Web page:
Twenty years ago, television tested the waters of suddenly eliminating a major character in a popular series when Patrick Duffy’s Bobby Ewing — a staple of the infamous soap “Dallas” for nearly a decade — was killed off by the show’s writing team to the shock of viewers worldwide.
The series then, however, went into a ratings slump, leaving the network with no other choice than to pull its punch and bring dead Bobby back; turns out he didn’t really die after all. It was only a dream.
Such dramatics are the standard for soap opera entertainment, but in an age where franchise series run nearly a decade with the same lovable (or lovably detestable) cast members, the killing off of major characters is typically shied away from by ratings-hungry networks — until recently.
While a major network may not have dreamed of fully nixing dominant series players with much frequency in times of TV drama past, the practice looks to be a matter of course in today’s primetime environment.
The heavily buzzed season premiere of “The Sopranos” kicked things off this year with Tony Soprano (James Gandolfini) being gunned down, his life hanging in the balance.
Four years ago, writers eliminated the unsavory Ralph Cifretto from the show, and actor Joe Pantoliano took home an Emmy for his portrayal that season after a three-year engagement. Will Emmy take notice of this year’s crop of valiant series departures? One thing is certain. There will be plenty to choose from.
One of television’s most popular shows, ABC’s “Lost,” waited until the end of season one to finally dispatch one of its castaways, as young Boone Carlyle (Ian Somerhalder) succumbed to injuries sustained from an accident in the jungle. In the series’ recently concluded second season, the bloodletting commenced much sooner as Boone’s half-sister Shannon (Maggie Grace) met her end in the seventh episode.
“On ‘Lost,’ the story dictates all,” writer and executive producer Damon Lindelof says. “The timing of character deaths isn’t arbitrary, it’s because we designed it that way. In this case, we knew the Tailies (survivors from the tail portion of Oceanic Flight 815 who first appeared in season two) would be merging with our main gang, and we wanted something emotional and chaotic to happen when that merge occurred.”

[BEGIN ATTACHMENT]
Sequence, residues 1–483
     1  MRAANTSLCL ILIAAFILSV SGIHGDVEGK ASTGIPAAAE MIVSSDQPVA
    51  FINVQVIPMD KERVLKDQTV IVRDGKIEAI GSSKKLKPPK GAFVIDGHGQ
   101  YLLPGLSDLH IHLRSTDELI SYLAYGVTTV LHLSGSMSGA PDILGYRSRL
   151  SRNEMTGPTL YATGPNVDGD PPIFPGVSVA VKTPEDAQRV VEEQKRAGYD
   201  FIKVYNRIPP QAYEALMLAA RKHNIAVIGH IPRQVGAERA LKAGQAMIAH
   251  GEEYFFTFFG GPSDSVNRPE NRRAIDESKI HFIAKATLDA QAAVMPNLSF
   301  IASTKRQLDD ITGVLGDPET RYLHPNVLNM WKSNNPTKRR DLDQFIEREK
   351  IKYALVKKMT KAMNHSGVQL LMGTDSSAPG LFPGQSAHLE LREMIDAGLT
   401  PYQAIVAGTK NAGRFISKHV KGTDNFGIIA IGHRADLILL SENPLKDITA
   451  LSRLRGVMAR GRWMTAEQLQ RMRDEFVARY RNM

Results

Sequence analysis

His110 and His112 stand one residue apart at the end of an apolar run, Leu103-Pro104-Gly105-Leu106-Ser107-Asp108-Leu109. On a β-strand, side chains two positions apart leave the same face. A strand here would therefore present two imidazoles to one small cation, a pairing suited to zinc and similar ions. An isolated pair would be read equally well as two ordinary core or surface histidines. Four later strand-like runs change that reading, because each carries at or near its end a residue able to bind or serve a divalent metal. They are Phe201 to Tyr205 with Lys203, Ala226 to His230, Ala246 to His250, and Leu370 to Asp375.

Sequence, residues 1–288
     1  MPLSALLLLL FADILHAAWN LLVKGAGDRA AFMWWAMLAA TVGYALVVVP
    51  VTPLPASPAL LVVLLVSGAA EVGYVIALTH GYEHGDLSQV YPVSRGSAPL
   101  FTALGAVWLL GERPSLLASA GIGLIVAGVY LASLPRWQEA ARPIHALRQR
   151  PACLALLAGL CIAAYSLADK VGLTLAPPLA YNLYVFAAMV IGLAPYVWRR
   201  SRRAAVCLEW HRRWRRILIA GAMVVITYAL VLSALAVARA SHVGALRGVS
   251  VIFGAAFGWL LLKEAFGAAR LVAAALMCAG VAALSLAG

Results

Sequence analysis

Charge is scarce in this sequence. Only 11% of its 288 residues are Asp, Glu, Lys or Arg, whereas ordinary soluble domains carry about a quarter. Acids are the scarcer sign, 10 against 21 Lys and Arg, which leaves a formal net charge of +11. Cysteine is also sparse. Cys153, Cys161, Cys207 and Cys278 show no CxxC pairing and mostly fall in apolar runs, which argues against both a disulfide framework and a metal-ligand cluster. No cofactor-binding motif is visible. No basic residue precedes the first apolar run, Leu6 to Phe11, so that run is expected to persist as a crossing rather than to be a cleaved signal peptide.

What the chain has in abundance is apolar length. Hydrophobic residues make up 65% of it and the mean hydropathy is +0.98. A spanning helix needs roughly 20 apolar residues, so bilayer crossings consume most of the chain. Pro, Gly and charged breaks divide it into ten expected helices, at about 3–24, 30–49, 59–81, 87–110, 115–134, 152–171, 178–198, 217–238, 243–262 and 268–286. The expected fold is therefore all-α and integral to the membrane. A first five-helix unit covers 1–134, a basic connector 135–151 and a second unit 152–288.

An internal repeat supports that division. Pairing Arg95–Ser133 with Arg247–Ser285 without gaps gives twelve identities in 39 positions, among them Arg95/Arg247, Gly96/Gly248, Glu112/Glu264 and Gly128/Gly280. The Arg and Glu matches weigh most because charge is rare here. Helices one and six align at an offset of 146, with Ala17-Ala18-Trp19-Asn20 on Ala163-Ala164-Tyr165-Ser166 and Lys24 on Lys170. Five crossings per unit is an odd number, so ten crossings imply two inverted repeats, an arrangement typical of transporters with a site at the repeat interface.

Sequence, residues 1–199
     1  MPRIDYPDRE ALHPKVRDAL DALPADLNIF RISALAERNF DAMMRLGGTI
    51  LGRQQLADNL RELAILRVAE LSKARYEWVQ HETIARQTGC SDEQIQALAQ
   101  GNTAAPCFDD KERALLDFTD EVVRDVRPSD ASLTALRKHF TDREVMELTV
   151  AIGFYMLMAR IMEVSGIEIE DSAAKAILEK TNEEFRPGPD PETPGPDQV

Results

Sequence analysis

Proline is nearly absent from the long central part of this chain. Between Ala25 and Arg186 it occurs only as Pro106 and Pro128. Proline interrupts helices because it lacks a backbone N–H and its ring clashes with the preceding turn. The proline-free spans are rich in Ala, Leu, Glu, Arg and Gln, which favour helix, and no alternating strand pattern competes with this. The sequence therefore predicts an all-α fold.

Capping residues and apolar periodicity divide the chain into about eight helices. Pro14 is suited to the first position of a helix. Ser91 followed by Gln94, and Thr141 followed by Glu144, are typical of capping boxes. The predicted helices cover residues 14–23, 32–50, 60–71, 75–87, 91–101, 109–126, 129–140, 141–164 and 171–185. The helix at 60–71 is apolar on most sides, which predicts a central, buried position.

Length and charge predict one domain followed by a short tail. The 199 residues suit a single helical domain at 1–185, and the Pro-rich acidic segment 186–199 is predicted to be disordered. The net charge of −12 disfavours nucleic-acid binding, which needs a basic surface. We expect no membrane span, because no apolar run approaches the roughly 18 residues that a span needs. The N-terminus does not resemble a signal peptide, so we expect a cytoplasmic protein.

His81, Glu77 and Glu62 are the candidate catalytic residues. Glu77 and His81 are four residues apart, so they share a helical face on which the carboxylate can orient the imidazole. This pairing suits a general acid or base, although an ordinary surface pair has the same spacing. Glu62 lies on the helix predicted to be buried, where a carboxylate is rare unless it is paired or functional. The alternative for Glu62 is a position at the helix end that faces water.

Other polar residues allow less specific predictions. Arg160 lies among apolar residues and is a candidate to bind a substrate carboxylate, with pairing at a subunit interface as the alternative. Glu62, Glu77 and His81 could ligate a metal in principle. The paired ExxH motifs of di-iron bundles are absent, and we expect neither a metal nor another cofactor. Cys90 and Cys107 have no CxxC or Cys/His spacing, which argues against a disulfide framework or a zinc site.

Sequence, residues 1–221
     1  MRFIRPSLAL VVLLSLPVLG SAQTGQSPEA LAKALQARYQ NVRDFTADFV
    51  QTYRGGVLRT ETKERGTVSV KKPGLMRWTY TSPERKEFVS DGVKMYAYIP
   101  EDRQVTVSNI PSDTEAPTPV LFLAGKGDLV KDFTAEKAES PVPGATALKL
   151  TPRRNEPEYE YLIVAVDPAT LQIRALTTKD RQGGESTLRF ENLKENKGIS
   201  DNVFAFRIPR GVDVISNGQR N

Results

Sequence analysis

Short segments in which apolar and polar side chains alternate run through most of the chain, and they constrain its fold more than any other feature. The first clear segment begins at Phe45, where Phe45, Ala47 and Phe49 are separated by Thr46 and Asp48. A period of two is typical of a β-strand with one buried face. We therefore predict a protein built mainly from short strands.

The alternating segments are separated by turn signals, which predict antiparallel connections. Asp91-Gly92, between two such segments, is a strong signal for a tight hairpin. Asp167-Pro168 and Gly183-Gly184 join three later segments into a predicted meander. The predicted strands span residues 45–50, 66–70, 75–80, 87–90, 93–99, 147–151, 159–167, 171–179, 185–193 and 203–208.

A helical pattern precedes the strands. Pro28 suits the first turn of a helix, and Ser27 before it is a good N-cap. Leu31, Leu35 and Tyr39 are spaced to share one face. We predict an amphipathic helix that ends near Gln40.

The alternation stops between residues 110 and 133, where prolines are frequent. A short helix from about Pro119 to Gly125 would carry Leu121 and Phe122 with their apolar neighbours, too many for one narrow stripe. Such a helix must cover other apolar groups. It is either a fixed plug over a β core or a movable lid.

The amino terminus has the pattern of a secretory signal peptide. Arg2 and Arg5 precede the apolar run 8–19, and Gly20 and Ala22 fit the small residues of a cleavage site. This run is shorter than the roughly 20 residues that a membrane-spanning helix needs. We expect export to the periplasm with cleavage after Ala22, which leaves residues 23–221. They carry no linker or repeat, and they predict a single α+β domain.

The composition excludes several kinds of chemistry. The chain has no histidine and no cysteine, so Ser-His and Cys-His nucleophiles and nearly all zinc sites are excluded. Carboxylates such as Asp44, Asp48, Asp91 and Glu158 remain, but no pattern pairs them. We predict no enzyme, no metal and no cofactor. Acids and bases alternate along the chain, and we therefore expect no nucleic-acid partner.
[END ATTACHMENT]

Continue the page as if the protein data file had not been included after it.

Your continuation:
With so much secrecy surrounding the plot of “Lost,” even the actors aren’t certain from week to week whether they will survive or become one of the fallen. One could assume that anxiety seeps in, becoming a resident aspect of the set. Lindelof agrees, adding, “Logic dictates it sure isn’t as reassuring as most shows.” As such, second-season additions Ana-Lucia Cortez (Michelle Rodriguez) and Libby (Cynthia Watros) took their fatal leaves just weeks before the season finale.
Fox’s ever-resilient “24” finished its fifth season in May as well, one bursting with surprise exits by everyone from warmhearted tech expert Edgar Stiles (Louis Lombardi) to series staples like agents Tony Almeida (Carlos Bernard) and Michelle Dessler (Reiko Aylesworth). The series even premiered with the shocking assassination of former President David Palmer (Dennis Haysbert).
With creators Joel Surnow and Robert Cochran stepping away to concentrate on other projects, TV veteran and longtime “24” writer Howard Gordon has moved up to become showrunner on the series.
“This is a show with tragic undertones that deals with life and death,” he explains, “and in order to prove the lethality, someone has to die. But it has to come at a time when we feel these characters have had their stories told. We always try to progress the characters each year. What is important is how the surviving characters grow through death.”
Actor Sean Astin, whose CTU director Lynn McGill was eliminated midseason, feels the challenge for writers is to keep the material fresh.
“That was the fun for me,” he offers, “not knowing what was going to happen with my character. And there is electricity that goes through the cast; as ambassador of your character, you hope your guy makes it. But I was at a press conference where Kiefer Sutherland said as clear as day that he wants the show to outlast his character. I’d say that was a warning, a titillation, whatever you want to call it, that even Jack Bauer isn’t safe.”
Jack Bauer not safe? Who will save the day then?
“There are ideas floating around,” Gordon affords. “I know I would love to see Jack’s last day on Earth. The trick then is to find a character that would not just be a Jack Bauer imitation. But no one is willing to commit to that just yet.”
The evolution of television writing seems to have come to this: an arena championing the progression of plot above the maintenance of popular key characters, even in the face of potential fan backlash. Why this is the case is anyone’s guess, though Lindelof has a theory.
“The stakes have been raised, pure and simple,” he says. “The idea of generating watercooler television — something that really gets people to tune in because they don’t know what will happen next — and that anything could happen … well, the shocking death twist (or SDT as they’re referred to in the trade) is bound to become more prevalent.”